Babar Azam’s century fires Pakistan to 10-wicket T20 win against England

No one left the National Stadium early on Thursday. Two days earlier, fans had poured out of the ground in the final few overs of England’s win. This time, every one of the 30,000 fans stayed right until the very end of a famous victory. Between them Pakistan’s openers, Babar Azam and Mohammad Rizwan, chased down England’s formidable total of 199 with three balls to spare. It was the highest chase in men’s T20 cricket without losing a wicket. There’s been a lot of talk in Pakistan about the weakness of the team’s middle order. Truth is, it doesn’t matter how everyone else bats when you have openers who can play like that.

Moeen Ali said that the game turned when he brought himself on to bowl the 13th over, at which point Pakistan were 104 for none. Azam pulled him over mid-wicket for one six and drove him down the wicket for another. By the time Rizwan slog-swept a third over square leg off the last ball, the over had cost 21. “I genuinely feel my over cost the game for us,” Ali said. “It was a gamble on my part, I was almost trying to buy a wicket, and it didn’t come off.” It’s true that England seemed to run out of ideas about how to drag the game back after that, but still, he was being generous to his team.

The real turning point came in the fifth over of the innings when Rizwan, on 23, cuffed the ball to mid-on off Liam Dawson and Alex Hales dropped the catch. Rizwan gave another chance in the very next over, when Phil Salt missed a stumping off the first ball of Adil Rashid’s spell, and a third much later in the game, when Ali dropped a hard chance at cover. “We take our catches and it’s a different game in my opinion,” Ali said. Maybe. But Azam’s innings was immaculate. His first 30 runs came a little better than a run-a-ball, but he ended up with 110 off 66. It was a breathtaking innings, full of hurried singles, vicious cuts and wicked pulls. Rizwan finished on 88 off 51.

Dawson had replaced Richard Gleeson, which meant England ended up in the unusual position where they had an attack of three-spinners and three left-arm seamers. All that variety didn’t do much for them. “There were a few other things we should have tried,” Ali said ruefully. “Nobody really bowled a bouncer.” It was a bit late to think of that now. Only Dawson and Sam Curran had any real control over the scoring rate. Pakistan were particularly severe on David Willey, who’s now bowled 7.3 overs for 85 runs in two games, and will surely drop out of the team for Friday’s game.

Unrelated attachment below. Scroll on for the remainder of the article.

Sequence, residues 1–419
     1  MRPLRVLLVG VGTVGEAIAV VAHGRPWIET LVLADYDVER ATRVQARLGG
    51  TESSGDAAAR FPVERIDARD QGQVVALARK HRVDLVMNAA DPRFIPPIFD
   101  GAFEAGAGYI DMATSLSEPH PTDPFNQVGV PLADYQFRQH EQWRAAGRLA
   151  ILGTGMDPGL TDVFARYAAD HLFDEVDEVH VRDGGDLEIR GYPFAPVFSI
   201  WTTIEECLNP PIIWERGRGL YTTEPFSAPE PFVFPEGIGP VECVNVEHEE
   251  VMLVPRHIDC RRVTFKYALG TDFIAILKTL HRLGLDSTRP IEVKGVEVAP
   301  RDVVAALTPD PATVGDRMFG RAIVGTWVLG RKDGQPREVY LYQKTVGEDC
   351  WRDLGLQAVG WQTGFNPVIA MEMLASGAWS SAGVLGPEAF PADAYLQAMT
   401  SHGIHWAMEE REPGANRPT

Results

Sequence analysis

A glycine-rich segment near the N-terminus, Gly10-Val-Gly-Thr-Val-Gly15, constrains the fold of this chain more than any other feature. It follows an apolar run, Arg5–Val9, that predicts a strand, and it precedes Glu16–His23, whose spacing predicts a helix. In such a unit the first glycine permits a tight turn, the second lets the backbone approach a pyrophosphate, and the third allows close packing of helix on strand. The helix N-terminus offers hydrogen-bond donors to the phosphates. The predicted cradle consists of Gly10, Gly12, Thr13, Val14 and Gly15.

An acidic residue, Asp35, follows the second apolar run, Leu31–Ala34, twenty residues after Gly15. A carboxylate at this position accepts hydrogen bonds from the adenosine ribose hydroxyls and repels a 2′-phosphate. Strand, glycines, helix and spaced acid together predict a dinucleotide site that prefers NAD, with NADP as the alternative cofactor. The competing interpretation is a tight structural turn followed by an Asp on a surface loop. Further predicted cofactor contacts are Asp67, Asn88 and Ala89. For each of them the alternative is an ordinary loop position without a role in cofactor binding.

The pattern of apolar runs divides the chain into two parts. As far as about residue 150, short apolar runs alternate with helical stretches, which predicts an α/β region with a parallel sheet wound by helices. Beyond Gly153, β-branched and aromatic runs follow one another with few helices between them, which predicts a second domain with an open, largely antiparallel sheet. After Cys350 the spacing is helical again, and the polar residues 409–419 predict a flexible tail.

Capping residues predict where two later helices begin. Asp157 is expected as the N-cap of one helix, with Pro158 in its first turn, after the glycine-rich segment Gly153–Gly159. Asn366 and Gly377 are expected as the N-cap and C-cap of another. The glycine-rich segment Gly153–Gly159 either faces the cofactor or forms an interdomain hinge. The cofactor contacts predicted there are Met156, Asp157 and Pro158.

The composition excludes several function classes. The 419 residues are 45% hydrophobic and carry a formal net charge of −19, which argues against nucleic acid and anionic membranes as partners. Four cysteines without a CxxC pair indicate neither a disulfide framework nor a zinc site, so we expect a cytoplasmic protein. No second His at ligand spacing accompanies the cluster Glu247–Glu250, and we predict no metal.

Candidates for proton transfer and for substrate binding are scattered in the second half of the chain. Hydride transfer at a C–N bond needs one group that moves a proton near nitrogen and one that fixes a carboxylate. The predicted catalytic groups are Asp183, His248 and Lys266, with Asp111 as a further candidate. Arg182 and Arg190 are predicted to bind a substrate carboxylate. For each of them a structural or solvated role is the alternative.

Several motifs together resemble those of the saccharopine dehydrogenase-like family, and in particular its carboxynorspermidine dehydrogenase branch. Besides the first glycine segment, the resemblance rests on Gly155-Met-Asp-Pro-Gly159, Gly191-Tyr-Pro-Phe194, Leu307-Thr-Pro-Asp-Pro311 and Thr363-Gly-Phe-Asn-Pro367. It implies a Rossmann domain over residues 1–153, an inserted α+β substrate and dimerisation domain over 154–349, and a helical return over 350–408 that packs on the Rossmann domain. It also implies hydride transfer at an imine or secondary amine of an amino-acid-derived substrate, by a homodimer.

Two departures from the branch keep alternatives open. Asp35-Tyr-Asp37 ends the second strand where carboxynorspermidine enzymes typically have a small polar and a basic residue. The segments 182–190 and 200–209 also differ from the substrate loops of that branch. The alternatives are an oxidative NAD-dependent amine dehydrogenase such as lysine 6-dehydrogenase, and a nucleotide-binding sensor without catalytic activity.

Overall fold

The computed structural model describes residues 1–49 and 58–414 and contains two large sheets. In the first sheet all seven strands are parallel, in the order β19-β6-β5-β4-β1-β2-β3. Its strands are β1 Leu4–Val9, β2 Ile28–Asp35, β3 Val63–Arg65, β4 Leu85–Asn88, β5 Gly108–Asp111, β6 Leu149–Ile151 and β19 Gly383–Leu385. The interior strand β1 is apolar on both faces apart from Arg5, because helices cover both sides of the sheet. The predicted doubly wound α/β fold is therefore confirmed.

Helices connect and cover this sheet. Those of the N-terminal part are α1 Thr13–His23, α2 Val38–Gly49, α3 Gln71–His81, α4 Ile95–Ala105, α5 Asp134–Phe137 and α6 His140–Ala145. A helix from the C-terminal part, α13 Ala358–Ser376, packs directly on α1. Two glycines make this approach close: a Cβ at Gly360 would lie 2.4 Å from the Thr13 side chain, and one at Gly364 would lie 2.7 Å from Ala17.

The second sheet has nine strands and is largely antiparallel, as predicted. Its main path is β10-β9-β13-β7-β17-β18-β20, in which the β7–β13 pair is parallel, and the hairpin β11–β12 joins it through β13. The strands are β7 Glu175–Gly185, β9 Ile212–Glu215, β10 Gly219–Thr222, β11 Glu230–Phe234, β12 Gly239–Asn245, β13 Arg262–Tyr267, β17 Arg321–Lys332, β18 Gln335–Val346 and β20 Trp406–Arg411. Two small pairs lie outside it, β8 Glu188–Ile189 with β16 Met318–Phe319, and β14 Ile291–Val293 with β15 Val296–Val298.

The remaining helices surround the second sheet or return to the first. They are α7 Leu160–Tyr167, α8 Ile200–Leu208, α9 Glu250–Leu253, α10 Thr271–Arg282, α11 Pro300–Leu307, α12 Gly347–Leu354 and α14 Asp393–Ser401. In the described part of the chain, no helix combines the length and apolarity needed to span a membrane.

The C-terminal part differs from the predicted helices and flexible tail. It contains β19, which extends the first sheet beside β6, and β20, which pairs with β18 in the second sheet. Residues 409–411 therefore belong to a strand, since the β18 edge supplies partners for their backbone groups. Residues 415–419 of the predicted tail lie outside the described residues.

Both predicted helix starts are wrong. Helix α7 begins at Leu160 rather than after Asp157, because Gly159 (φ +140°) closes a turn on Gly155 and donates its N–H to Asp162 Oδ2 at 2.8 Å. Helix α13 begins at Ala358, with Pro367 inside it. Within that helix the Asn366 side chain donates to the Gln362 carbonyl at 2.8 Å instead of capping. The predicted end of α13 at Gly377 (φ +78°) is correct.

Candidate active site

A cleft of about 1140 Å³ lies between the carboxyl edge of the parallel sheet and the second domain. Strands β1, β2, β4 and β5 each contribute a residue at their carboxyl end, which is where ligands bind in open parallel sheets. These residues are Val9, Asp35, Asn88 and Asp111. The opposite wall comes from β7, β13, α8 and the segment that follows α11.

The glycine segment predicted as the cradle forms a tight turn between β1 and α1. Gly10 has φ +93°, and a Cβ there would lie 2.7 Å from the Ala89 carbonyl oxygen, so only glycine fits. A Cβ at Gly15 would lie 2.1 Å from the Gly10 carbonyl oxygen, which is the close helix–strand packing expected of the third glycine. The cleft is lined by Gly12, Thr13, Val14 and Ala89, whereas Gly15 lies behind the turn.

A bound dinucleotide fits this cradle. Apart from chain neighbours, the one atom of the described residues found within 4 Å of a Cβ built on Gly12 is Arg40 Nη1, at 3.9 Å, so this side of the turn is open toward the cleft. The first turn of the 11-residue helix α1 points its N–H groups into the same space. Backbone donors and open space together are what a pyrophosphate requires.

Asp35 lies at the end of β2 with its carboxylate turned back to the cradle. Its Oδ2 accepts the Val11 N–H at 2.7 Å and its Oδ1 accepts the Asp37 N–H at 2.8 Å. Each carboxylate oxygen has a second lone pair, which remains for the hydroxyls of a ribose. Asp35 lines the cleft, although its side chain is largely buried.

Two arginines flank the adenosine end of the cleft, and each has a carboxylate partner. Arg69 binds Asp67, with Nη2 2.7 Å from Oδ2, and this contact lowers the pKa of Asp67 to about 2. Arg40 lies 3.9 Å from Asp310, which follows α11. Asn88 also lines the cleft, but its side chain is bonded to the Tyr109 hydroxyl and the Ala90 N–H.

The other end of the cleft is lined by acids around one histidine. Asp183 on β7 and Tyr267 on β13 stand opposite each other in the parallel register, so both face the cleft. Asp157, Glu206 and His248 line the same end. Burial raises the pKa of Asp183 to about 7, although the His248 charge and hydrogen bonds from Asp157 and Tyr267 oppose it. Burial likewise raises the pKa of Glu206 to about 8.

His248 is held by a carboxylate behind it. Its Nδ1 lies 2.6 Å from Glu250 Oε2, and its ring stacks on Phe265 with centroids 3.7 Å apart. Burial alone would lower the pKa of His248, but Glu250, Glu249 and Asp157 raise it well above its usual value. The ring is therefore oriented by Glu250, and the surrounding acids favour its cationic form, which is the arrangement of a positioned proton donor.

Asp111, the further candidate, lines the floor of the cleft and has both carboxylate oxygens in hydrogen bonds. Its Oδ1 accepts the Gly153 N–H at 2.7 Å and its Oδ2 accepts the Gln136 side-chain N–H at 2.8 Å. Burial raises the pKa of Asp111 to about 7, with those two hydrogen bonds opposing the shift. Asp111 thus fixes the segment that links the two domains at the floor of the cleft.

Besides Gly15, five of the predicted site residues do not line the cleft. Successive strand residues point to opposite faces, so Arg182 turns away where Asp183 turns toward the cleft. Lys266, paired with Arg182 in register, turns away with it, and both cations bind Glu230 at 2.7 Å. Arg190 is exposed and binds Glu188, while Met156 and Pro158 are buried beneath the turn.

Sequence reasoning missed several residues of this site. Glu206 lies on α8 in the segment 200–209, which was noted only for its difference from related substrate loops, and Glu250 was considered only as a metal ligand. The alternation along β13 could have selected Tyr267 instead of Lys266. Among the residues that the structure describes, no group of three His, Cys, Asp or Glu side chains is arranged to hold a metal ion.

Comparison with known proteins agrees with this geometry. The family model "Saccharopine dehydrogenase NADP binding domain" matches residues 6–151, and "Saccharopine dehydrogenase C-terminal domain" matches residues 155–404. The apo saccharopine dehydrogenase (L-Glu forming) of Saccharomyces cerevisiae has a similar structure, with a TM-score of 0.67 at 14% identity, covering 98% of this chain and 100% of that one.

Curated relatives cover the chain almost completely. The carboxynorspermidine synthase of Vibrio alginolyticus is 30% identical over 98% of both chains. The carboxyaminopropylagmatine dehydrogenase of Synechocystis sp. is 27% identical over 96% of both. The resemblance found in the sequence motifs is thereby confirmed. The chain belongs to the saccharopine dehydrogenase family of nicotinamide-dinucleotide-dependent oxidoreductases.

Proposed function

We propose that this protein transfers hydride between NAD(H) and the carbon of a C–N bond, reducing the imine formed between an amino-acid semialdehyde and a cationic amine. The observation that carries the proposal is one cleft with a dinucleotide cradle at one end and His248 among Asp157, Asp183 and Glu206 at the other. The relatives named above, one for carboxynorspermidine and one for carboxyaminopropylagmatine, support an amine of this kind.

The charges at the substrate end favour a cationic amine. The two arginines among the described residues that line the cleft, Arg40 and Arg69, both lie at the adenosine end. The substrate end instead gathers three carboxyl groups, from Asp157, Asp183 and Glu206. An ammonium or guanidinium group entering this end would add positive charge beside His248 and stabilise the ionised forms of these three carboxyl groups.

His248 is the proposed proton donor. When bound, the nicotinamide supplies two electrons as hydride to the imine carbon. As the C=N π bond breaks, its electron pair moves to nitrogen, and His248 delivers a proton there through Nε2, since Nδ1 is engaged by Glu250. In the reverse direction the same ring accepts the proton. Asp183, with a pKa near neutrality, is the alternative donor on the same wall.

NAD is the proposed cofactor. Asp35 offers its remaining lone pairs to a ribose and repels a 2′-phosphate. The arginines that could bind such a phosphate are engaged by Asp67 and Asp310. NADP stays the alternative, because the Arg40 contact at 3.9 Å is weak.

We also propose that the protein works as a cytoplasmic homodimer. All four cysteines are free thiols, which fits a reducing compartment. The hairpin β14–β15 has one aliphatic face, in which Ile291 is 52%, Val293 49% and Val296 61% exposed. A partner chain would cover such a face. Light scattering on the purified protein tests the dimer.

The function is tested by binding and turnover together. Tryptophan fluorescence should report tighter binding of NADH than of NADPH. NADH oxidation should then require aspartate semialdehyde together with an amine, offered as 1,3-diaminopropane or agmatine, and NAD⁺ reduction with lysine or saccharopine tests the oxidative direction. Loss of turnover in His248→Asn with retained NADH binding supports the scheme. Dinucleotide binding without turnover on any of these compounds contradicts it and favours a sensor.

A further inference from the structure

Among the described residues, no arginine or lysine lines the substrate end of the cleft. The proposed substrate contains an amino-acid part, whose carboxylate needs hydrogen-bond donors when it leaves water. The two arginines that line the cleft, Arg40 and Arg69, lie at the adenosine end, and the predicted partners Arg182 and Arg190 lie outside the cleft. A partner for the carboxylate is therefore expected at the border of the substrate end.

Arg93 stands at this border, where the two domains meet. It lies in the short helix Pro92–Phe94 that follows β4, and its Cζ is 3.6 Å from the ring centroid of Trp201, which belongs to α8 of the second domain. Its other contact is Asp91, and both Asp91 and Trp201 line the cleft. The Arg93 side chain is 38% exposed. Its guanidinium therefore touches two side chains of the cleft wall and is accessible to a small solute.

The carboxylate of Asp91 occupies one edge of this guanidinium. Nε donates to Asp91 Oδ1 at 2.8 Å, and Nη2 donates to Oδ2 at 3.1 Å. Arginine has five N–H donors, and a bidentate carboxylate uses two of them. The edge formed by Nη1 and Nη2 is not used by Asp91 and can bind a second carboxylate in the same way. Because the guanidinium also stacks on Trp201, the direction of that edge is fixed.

Ali says England will “make a couple of changes”, and hinted that some of the injured players in the squad, Mark Wood, Chris Woakes and Gleeson himself, may be available. Olly Stone may be more likely. Like Ali said , “in T20 cricket you want people who can bowl 90mph” and England badly lacked that. Ali will know better what to expect from the pitch, too. He admitted that he had misread this one, which played surprisingly well given that it looked so dry and cracked, although he said he didn’t regret his decision. England had, after all, batted pretty well themselves.

It was built around an opening stand of 42 between Hales and Salt, an inventive 43 off 22 balls by Ben Duckett full of scoops and sweeps and glances, a blistering 31 off 19 by Harry Brook and, the cherry on top, a 23-ball fifty by Ali. He had said earlier in the week that what he really wanted to do while in Pakistan was help raise funds for the floods affecting the south of the country. He did exactly that by hitting four glorious sixes, each of which cost the sponsors a $1,000 donation. His partnership with Brook was worth 59 off 27 balls.

But all their efforts were put in fresh perspective by the way Pakistan batted. Azam and Rizwan hit 16 fours and nine sixes. Their bowlers provided their share of entertainment too, especially Haris Rauf and Shahnawaz Dahani, who took two wickets each. Dahani, who plays for the local province of Sindh, lit up the ground when he bowled Hales and Dawid Malan with consecutive balls.

Dahani celebrated each wicket by spinning on his heel and sprinting back the way he came, wagging his finger and shouting madly like he was chasing after someone who had just pinched his bicycle. Which was all very entertaining, but led to an unfortunate moment later in the innings when he set off all over again to celebrate having Ali caught in the deep. He made it most of the way to the boundary before he finally realised, after he heard Azam shouting out, that Khushdil Shah had dropped the catch. Funny as that was, Hales’ drop meant it was Dahani and his teammates who had the last laugh.